A Self-Invested Personal Pension (SIPP) is the name given to the type of personal pension scheme, which allows individuals to make their own investment decisions from the full range of investments approved by HMRC. Traditional personal pensions limit your investment choice to a shorter list of funds normally run by the pension company’s own fund managers. With a SIPP you can invest almost anywhere you like and choose your own investments. The HMRC rules allow for a greater range of investments to be held than Personal Pension Plans, notably equities and property. There are however some limits and you cannot hold assets such as fine wine, art or residential property within a SIPP.
For many individuals who have a number of frozen UK pensions (whether DB or DC schemes) this is a great way of taking control of them and allowing for consolidation of your funds.
Unlike most DB schemes you can access your SIPP at the age of 55 and a SIPP will still qualify for your 25% tax- free lump sum. You can then decide whether to take the rest as an income or take advantage of the new pension freedoms that came into effect in April 2015, which will now allow you to take as much of your pension as you wish.
A Qualifying Recognised Overseas Pension Scheme, or a QROPS, is an overseas pension scheme that meets certain requirements set by HMRC. The QROPS program was launched on 6 April 2006 as a direct result of EU human rights legislation with regards to freedom of capital movement.
QROPS are increasingly popular with British Expats due to currency and investment flexibility, the tax advantages they offer when drawing pension benefits and their ability to be transferred to beneficiaries of choice in the event of death.
Pension funds left in the UK are taxed on income at up to 45% and taxed on death after 75 years old at up to 45%. Transferring a UK pension fund into a QROPS can reduce taxation and in some cases avoid UK taxation as long as the pensioner remains tax resident outside the UK.
A QROPS can be appropriate for UK citizens who have left the UK to emigrate permanently and intend to retire abroad having built up a UK pension fund. Alternatively, a person who is born outside the UK having built up benefits in an HMRC-approved UK pension scheme can move their pension offshore if they want to retire outside the UK. An individual who is also likely to exceed the lifetime allowance would benefit from a transfer into a QROPS.
The income payable from a final salary pension is fully taxable as income and is therefore taxable at a member’s highest marginal rate of between 0-45%. This means that the tax payable can be quite severe. A QROPS has the ability to turn the income withdrawn on and off each year. So individuals may be shrewd and protect their pension against the tax-man by maximizing what they draw when in preferable tax jurisdictions. The new ‘Flexi-access’ rule enables individuals to access their pensions in their entirety or through phased lump sums if they wish.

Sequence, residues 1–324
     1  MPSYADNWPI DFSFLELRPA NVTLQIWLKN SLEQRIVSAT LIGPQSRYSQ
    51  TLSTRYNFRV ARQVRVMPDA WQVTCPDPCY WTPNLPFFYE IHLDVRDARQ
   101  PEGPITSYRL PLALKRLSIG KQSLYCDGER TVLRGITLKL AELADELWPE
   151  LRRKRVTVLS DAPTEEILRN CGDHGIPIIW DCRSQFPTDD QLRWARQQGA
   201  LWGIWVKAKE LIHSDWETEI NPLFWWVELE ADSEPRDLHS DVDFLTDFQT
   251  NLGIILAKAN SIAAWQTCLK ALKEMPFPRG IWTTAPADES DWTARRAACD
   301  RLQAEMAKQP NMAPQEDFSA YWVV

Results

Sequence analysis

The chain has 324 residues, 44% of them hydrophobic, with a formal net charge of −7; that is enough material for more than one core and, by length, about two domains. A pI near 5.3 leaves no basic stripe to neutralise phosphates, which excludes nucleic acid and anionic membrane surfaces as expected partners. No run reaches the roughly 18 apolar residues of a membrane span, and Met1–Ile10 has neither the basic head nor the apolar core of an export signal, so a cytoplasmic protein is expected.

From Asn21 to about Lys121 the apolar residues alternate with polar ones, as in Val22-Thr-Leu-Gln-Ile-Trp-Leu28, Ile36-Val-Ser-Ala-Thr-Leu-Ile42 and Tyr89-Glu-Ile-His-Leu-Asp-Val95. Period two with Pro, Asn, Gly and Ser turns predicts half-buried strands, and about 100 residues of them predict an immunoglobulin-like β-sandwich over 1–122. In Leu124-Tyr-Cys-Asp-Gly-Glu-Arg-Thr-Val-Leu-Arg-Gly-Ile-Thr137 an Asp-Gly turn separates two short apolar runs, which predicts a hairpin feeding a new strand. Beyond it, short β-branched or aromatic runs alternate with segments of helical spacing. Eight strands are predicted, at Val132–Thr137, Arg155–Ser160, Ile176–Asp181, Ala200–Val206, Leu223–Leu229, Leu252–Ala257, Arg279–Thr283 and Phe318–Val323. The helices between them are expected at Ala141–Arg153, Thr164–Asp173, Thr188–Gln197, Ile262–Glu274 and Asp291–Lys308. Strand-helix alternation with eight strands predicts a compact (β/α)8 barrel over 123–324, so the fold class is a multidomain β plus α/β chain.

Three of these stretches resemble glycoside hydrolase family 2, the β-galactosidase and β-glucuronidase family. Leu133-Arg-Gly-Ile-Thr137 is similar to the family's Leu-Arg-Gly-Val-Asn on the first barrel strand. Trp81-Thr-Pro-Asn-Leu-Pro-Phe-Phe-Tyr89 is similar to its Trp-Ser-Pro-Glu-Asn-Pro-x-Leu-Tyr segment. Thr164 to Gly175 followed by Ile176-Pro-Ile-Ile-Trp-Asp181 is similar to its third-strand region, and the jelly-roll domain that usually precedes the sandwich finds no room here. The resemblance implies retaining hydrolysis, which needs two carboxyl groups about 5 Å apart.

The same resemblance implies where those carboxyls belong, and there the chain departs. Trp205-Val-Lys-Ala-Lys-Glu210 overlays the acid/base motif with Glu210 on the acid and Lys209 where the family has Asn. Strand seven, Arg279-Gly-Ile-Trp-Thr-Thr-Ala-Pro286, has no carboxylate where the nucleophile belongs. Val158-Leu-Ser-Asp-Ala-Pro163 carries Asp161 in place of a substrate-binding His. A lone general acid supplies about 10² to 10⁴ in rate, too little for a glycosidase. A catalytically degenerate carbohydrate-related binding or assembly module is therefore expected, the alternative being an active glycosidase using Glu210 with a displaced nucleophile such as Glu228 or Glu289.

A final salary scheme will often have quite punitive early retirement penalties for those who wish to draw their pension prior to the ‘Normal Retirement Age’ set under the scheme. Typically a scheme may impose a penalty, known as an actuarial reduction, of 0.5% per month. This means if you retire 12 months early the penalty is a 6% reduction in your annual pension income. If you retire 5 years early the penalty increases to 30% of your annual pension.
A word of warning though. As of April 2017 there is a new tax charge on transfers for some QROPS. HM Revenue & Customs (HMRC) has announced that Qualifying Recognised Overseas Pension Schemes (QROPS) transfers for individuals not in the European Economic Area (EAA) will be hit with a 25% tax charge.
This measure ensures that transfers to QROPS will be taxable unless, from the point of transfer, both the individual and the pension savings are in the same country, both are within the European Economic Area (EEA) or the QROPS is provided by the individual’s employer. A financial adviser will best placed to advice you on this area.
What’s right for you?
Defined Benefit schemes will differ from one scheme to the next and each pension needs to be considered on a case-by-case basis. Understanding the scheme parameters, alongside your objectives, coupled with a thorough analysis of the schemes funding level, will allow you to be able to make an informed decision on the right course of action for you and your nest egg.